You may remember that back in May, when I celebrated my 50th birthday, we planned to go hiking in Ein Gedi, the biggest oasis in Israel. Well, it turned out to be too hot that week but Mister Handmade in Israel suggested that we go on his birthday instead. June actually felt cooler than May this year, so when his big day came around, off to Ein Gedi we went!There are two major nature reserve hikes in the Ein Gedi area. Nahal David and Nahal or Wadi Arugot. Nahal Arugot seems to attract less visitors, which can be advantageous during a pandemic, so we set off very early on Mister Handmade in Israel's birthday and were at the Dead Sea, the lowest place on earth, by 8am!
Judaean desert with water all year round. It has a number of springs that provide water throughout the entire year. It is also the longest running river on the western coast of the Dead Sea and flows into the Dead Sea, passing through Ein Gedi. The water is fresh and very drinkable (there is a free of charge cooler for filling up any half empty water bottles next to the ticket office). Kibbutz Ein Gedi, on the hill to the south of the river mouth, uses the water for its own consumption but also markets it as a bottled mineral water.The Hebrew name Nahal Arugot means "flower beds". It is based on the Arabic Wadi Araja, "the ascending brook". This area is where David hid from the pursuing King Saul (1 Samuel 23 29: "And David went up from thence, and dwelt in strong holds at Engedi"). Nahal Arugot was also one of the sources of water to the ancient site of Ein Gedi, which dates back to the Chalcolithic period (approximately 5,000 years ago).
There are two paths to choose between at Nahal Arugot - a dry hike on the river banks, overlooking the river from a high steep cliff, or a walk in the water. We chose to walk in the water, which turned out to be a little harder than we expected since it includes some climbs against running water and river crosses with slippery stepping stones. It also took us longer than the 1 hour each way that we had been advised, but the scenery was beautiful and there was a lot to see and enjoy.
Due to the fresh water and the high temperatures of the region there is vegetation such as oleander, Capparis, Calotropis Procera (the poisonous Apple of Sodom) and saltbush in the valley. There are also a lot of tamarisk trees. These are evergreens with small scale-shaped leaves. They blossom during the summer with a white-pink flower. These trees were frequently planted by the Jewish National Fund in arid conditions for shade - in the Negev, in the Jordan Valley and by the Dead Sea - but the trees at Nahal Arugot are natural. Most botanists and bible scholars believe that the Eshel tree planted by Abraham in the Book of Genesis, was Tamarix aphylla; "And Abraham planted a tamarisk tree in Beersheba ..."
There are also many acacia trees. The Acacia raddiana is a thorny tree that has a single trunk and round branches and is the most common acacia in Israel. It grows in the Negev, the Arava and Judaean desert. The Acacia tortilis is a another thorny acacia tree with a number of trunks. It is easy to recognise because of its multiple trunks and umbrella shape. This tree also grows in the Arava Valley and on the Dead Sea shore up to Ein Gedi.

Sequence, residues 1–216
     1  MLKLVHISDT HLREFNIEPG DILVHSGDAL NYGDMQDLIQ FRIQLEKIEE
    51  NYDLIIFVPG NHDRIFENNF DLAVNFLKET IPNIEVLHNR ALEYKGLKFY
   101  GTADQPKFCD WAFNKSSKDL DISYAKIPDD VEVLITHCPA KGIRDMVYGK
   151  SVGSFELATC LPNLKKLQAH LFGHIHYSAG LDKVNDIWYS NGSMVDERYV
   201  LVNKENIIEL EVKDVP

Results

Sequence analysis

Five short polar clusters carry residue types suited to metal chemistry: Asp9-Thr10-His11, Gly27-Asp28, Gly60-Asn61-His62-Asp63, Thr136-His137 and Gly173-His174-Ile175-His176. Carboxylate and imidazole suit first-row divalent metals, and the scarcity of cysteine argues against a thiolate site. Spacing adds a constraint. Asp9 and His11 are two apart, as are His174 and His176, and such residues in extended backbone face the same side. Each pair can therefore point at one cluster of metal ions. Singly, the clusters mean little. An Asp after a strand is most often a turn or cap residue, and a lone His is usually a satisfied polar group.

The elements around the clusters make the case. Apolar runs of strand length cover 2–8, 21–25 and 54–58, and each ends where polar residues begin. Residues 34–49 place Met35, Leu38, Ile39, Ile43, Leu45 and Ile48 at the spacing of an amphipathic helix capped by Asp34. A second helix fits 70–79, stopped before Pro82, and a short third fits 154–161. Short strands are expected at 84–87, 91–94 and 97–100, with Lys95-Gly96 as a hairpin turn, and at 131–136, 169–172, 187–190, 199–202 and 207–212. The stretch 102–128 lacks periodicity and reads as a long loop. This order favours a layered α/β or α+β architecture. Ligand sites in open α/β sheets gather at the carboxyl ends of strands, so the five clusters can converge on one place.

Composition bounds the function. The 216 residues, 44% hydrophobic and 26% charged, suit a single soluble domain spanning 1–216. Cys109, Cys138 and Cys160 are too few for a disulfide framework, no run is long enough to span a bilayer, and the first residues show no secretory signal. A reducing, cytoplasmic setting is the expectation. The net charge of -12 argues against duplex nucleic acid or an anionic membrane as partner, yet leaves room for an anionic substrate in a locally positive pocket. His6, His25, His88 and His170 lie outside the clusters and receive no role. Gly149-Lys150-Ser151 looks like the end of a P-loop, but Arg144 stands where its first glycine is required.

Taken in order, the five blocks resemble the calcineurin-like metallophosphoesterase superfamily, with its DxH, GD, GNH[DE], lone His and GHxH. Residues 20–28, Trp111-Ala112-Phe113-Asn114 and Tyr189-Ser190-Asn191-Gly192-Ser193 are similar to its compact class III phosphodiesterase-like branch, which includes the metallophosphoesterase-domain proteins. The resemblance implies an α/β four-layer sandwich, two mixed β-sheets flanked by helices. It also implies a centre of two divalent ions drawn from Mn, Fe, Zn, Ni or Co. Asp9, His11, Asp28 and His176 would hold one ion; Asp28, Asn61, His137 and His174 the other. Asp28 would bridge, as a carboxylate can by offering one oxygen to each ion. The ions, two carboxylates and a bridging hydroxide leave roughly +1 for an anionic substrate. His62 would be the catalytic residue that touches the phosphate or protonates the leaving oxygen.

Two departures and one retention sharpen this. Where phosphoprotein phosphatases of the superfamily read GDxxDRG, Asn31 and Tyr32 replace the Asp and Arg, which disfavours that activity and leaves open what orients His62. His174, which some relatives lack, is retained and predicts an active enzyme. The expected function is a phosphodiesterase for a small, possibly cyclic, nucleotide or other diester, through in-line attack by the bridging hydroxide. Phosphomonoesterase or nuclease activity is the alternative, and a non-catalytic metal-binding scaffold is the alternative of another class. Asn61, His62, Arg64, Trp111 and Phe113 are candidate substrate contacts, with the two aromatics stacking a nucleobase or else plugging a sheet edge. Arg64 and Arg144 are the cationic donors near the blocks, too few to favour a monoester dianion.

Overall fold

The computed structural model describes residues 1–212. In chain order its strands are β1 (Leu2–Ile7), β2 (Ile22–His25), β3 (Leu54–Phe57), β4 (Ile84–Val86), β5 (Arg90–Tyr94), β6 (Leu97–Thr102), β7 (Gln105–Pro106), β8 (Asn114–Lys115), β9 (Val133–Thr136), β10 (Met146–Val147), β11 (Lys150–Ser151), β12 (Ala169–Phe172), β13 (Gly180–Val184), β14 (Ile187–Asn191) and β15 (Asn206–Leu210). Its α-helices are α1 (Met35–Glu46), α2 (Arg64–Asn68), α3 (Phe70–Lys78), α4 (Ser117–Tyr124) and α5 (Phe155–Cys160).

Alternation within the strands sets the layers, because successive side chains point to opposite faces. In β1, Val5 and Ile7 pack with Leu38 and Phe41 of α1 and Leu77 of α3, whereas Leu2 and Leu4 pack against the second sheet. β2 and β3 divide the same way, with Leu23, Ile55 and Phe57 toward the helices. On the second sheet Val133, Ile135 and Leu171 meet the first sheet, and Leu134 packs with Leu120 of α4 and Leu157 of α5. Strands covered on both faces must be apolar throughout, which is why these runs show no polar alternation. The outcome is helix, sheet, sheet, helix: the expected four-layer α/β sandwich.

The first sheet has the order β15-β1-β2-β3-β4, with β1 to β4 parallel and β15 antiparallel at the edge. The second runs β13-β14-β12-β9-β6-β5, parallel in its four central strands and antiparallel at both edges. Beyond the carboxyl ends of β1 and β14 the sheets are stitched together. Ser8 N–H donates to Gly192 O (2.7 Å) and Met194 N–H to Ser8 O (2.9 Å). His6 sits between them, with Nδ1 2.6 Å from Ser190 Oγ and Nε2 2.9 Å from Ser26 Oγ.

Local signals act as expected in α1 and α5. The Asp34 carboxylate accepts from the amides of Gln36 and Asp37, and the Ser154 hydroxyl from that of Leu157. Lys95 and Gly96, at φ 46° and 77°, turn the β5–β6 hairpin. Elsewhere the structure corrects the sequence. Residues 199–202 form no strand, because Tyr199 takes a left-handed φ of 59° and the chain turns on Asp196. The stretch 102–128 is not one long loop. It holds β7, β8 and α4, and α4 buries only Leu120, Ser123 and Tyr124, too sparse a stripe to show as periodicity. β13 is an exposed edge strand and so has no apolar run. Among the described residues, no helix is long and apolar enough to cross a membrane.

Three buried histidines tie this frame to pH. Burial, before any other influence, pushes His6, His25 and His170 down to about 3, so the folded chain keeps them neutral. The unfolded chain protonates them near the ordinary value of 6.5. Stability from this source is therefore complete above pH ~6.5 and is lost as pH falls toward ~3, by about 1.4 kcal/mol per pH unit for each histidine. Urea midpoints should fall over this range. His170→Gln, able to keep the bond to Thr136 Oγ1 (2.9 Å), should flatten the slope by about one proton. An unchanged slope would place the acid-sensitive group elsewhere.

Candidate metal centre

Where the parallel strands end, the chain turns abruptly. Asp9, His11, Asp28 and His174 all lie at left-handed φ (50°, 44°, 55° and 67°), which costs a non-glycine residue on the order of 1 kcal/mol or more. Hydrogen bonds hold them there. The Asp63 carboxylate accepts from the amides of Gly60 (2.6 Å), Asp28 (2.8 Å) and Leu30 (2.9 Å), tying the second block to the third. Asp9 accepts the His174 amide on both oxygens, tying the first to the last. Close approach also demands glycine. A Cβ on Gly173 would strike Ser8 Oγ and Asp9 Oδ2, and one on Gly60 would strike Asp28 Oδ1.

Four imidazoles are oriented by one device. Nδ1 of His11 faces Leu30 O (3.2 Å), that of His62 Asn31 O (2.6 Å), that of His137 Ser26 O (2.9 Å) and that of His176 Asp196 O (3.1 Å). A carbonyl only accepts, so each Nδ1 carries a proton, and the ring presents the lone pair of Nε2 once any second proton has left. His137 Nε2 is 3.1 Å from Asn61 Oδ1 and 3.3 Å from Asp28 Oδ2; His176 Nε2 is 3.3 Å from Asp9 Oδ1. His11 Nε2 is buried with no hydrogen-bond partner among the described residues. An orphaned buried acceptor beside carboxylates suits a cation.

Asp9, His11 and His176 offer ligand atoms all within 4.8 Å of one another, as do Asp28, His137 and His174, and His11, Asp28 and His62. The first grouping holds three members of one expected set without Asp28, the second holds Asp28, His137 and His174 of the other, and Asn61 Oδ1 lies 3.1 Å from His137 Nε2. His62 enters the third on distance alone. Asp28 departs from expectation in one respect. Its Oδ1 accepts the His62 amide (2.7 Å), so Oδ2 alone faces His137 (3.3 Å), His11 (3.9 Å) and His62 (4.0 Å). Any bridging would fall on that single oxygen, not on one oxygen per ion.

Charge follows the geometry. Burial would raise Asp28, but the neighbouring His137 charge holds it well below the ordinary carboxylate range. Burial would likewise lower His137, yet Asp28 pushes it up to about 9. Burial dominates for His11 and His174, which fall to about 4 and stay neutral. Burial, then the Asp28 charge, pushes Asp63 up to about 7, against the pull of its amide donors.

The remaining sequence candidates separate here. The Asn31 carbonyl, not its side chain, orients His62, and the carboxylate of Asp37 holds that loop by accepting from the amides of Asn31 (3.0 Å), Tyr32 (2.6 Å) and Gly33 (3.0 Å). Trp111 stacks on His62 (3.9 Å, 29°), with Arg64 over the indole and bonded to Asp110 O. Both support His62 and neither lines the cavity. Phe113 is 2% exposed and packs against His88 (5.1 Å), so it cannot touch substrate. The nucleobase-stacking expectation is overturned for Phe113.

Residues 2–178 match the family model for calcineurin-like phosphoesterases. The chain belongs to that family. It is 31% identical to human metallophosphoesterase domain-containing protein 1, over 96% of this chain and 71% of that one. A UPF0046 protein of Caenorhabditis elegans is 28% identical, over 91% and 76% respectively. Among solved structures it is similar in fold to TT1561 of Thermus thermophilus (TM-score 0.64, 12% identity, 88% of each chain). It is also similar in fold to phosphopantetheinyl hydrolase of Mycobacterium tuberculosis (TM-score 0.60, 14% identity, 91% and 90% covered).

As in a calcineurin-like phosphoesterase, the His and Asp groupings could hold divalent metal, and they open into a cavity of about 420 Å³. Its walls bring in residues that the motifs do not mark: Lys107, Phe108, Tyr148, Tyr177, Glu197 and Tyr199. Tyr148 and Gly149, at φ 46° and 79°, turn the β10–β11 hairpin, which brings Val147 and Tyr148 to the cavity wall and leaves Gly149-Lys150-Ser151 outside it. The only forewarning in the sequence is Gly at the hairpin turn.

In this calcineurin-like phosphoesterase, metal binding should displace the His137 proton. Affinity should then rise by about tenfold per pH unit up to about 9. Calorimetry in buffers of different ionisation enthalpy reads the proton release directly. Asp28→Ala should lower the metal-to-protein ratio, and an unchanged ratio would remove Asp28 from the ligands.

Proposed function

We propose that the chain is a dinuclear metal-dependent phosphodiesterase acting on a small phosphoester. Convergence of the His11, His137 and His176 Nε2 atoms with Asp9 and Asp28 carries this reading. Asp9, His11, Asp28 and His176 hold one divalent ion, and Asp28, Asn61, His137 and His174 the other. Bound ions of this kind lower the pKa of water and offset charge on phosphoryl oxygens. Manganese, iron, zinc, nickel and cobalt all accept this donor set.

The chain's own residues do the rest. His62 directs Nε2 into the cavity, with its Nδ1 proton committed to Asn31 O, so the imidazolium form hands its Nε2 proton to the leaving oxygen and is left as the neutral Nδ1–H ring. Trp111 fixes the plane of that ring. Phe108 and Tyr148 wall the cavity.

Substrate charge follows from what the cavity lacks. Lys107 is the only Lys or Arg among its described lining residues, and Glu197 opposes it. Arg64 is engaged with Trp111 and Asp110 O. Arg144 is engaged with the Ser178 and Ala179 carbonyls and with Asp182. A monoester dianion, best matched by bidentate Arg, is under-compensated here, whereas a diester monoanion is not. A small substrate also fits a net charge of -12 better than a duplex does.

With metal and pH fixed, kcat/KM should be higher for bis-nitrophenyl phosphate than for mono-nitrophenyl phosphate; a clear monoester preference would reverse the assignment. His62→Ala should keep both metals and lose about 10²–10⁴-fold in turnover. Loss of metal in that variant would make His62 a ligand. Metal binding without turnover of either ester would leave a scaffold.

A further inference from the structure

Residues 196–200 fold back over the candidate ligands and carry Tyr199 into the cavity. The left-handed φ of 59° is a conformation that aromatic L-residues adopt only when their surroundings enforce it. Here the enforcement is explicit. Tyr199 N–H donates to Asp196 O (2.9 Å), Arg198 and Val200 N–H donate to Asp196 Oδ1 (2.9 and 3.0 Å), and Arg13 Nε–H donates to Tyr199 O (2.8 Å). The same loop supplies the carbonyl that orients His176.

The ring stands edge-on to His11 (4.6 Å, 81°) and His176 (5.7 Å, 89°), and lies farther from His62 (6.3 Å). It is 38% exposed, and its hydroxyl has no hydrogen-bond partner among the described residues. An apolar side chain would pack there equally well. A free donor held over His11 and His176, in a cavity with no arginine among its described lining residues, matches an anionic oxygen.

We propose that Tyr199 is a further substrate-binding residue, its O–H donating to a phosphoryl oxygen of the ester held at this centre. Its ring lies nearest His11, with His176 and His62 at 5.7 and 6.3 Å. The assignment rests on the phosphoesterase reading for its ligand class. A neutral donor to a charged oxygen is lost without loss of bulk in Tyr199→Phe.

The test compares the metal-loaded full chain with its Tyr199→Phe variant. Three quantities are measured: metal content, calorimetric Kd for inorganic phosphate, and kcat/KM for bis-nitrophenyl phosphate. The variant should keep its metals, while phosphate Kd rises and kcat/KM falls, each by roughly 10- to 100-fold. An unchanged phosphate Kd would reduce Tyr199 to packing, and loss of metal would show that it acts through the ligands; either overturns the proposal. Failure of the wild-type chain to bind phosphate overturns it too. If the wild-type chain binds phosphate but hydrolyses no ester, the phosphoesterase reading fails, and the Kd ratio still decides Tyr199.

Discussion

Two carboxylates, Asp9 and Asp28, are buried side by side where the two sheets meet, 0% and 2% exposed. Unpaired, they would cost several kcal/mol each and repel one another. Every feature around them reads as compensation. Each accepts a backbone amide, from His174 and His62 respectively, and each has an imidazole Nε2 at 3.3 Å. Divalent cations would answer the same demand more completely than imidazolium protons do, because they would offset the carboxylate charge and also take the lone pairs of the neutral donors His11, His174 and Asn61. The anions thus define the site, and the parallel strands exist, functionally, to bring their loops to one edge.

The path, which alters between wet and dry, leads all visitors to The Hidden Waterfall ("Mapal Nistar"), above. It is the highlight of the hike! We started to wonder if we had walked right past it, since the hike had taken us longer than an hour, but once we saw the pool and waterfall at the end of the lower path, we knew that we were in the right place. It was a beautiful sight and a wonderful way to cool down! I stood under the pounding water for a natural massage. (Yes, I have a photo of it. No, I am not posting it here!). There is another pool and waterfall higher up but it was recommended to only walk as far as this waterfall in the summer heat and, truthfully, it was enough for us.
Just as a matter of information, the waterfall is one of only two places on the route where eating is allowed and it was the perfect spot for a lunch break.
I was excited to see Nubian ibex, below, as we hiked back to the starting point. They roam around the cliffs and steep slopes which are its natural habitat. At one time the ibex almost became extinct but were rescued thanks to stricter enforcement of the nature reserve laws and strict prohibition on hunting. One might also see rock hyrax, Golden spiny mouse, porcupine, river crabs, Agama Lizards, striped hyena and more. The most exciting would be footprints of the single Arabian leopard (Panthera pardus nimr) that once survived at Ein Gedi, though the last time it was spotted was 2007. The species is now presumed to be extinct here.
We had originally intended to take the dry path back from the waterfall to our car, to enjoy the spectacular views and dry off, but the stream and shallow pools were once again irresistible. We were soon splashing in the water and an hour or so later were back at the trail head. We had hiked a distance of about 7 km and spent around 5 hours in the canyon.
Nahal Arugot had proved to be an amazingly beautiful hike and it was just about the right time of the year to do it. Any later would have been too hot. The hike is apparently lovely during the winter months and if you happen to be there at the right time, you get to see some beautiful flowers like the desert tulip and other rare species. I'll definitely be going back!
* This post has been shared on The Good. The Random. The Fun., Wordless Wednesday (on Tuesday), Sharon's Souvenirs, Our World Tuesday, Nature Notes, Travel Tuesday, My Corner of the World